“Yet another growth shock.”
That’s how Goldman described China’s worsening energy crunch on Tuesday.
You could also call it the latest blow to macro sentiment at a time of gathering headwinds.
In a new note, Hui Shan cut the bank’s growth outlook for the world’s second largest economy to 0% for Q3. That’s a sequential projection. YoY, the Chinese economy likely expanded 4.8% this quarter, Goldman said. Their full-year projection is now 7.8%, down from 8.2% previously.
You can make this story as complicated or as simplistic as you like, but the bottom line is that between Beijing’s efforts to meet environment targets, pandemic effects and a coal supply shortage, there’s not enough power.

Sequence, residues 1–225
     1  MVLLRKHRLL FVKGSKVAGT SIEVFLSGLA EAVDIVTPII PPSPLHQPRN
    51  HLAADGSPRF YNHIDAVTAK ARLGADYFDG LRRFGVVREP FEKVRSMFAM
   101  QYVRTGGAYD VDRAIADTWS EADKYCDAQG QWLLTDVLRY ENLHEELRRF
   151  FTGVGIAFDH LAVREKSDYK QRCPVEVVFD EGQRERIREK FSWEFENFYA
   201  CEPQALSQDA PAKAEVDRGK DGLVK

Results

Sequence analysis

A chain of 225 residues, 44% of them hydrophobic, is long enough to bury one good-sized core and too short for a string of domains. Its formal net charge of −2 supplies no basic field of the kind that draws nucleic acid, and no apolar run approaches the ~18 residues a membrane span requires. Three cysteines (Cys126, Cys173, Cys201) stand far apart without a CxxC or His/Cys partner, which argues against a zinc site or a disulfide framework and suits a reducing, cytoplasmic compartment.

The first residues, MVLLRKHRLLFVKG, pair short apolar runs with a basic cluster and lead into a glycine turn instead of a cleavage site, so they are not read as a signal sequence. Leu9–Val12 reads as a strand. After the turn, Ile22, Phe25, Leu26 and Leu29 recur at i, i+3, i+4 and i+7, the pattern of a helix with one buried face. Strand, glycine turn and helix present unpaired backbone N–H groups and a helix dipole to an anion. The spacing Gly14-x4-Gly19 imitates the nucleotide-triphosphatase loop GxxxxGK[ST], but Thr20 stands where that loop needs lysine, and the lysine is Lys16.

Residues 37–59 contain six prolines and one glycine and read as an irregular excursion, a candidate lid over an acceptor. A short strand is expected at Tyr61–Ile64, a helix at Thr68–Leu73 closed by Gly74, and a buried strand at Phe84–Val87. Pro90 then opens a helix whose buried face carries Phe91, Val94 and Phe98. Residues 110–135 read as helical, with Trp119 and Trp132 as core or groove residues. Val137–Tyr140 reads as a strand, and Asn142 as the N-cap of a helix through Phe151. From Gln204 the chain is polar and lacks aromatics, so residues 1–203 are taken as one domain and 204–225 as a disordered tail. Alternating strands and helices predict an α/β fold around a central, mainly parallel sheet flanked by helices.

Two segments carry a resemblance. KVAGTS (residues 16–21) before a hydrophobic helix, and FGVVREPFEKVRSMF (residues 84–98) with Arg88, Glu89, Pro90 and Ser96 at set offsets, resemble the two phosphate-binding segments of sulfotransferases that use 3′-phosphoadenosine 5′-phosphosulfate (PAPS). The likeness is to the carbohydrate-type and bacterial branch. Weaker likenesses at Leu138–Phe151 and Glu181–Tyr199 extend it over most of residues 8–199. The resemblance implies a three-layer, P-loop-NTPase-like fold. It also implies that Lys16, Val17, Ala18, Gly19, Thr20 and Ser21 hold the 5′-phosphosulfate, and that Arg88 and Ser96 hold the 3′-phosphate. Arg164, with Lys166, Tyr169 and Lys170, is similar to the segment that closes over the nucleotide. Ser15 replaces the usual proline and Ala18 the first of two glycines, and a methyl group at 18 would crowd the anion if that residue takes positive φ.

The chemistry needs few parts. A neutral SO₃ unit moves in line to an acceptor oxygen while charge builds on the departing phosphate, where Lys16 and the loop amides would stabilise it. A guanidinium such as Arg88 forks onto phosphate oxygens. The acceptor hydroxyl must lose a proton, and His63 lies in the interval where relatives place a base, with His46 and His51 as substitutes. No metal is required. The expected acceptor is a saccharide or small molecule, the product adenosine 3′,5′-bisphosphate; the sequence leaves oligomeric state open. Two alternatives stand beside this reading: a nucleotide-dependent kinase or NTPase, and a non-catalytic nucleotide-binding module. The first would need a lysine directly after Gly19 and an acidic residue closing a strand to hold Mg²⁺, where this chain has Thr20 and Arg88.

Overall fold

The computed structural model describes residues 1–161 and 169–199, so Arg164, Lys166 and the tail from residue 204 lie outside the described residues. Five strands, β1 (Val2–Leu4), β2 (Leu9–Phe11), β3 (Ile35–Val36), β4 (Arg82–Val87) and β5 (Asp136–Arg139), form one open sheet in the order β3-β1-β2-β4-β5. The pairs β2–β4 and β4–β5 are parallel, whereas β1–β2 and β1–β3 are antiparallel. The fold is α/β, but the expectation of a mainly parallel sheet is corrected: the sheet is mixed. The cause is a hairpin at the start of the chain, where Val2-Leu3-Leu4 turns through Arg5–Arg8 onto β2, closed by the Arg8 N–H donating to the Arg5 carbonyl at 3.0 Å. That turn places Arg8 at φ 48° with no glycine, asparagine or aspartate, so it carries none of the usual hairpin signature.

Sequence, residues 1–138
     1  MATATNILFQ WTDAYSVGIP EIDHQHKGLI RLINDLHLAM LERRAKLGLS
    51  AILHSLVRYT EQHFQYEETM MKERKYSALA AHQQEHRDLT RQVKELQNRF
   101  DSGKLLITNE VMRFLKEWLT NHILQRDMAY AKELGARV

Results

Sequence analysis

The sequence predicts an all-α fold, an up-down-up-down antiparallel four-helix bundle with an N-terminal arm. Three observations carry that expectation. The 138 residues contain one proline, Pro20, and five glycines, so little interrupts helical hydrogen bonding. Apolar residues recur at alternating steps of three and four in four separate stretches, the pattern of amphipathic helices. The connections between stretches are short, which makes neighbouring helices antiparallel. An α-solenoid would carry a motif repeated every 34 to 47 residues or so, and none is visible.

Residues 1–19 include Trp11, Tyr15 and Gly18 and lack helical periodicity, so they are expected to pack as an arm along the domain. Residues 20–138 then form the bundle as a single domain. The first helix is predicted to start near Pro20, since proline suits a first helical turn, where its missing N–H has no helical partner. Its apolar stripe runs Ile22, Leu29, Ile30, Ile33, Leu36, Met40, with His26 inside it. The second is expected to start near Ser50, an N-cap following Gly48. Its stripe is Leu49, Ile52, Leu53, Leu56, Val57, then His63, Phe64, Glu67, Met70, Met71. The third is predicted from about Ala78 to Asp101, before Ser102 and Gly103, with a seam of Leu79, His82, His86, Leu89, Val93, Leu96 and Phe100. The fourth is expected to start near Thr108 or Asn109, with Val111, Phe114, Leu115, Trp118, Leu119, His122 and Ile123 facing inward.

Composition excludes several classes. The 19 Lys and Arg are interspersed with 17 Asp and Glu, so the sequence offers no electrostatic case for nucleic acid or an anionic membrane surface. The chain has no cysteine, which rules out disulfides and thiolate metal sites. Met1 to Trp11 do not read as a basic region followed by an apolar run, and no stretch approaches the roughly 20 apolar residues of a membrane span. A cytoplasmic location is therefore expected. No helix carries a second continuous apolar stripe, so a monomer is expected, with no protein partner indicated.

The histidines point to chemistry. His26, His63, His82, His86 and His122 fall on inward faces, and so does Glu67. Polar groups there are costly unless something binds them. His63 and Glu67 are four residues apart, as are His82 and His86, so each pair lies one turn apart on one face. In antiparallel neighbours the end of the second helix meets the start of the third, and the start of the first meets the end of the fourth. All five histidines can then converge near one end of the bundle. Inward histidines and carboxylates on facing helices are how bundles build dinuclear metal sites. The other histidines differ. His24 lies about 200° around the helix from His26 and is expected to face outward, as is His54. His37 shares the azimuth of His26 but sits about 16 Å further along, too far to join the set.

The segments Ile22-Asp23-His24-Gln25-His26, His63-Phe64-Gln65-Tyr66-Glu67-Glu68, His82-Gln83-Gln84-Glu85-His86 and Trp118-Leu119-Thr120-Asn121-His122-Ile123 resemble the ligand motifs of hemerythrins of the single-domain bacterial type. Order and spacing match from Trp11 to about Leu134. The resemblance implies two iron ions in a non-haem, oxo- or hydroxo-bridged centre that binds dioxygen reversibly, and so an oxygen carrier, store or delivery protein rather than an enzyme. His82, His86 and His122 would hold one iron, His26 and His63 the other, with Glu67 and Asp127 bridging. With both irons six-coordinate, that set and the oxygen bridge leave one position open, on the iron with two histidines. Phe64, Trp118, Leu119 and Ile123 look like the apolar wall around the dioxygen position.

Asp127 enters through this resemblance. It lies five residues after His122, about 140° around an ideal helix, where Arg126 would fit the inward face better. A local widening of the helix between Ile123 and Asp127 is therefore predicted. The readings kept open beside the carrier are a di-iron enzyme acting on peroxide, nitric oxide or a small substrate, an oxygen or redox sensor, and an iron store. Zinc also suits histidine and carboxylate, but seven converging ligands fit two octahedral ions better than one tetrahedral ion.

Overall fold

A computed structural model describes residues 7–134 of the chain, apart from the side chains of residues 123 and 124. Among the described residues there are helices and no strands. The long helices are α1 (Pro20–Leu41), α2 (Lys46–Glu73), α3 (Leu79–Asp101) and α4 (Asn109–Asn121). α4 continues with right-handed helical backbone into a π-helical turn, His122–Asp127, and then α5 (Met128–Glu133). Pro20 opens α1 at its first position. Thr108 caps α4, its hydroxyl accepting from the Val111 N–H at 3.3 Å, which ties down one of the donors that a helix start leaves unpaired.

Factories are being compelled to curtail operations at a time when rampant supply chain disruptions are already upending the global economy. Mandates aimed at cutting electricity consumption will invariably weigh on growth in key provinces, and at the worst possible time.
Growth was already decelerating and between sub-50 prints on both the official and Caixin non-manufacturing PMIs and an extremely poor read on retail sales for August, it seems highly unlikely that the services sector is in a position to pick up the slack.
“It presumably was not the intention of policymakers to provoke a sharp tightening, at least when the [environmental] goals were initially formulated [but] the peculiar nature of the COVID shock has made the economy more energy-intensive, at least temporarily,” Goldman said, adding that “the boom in exports has boosted energy-intensive manufacturing industries [while] efforts to reduce coal-fired related emissions and a reduction in coal imports have affected supply levels at least on the margin, contributing to a sharp increase in prices.”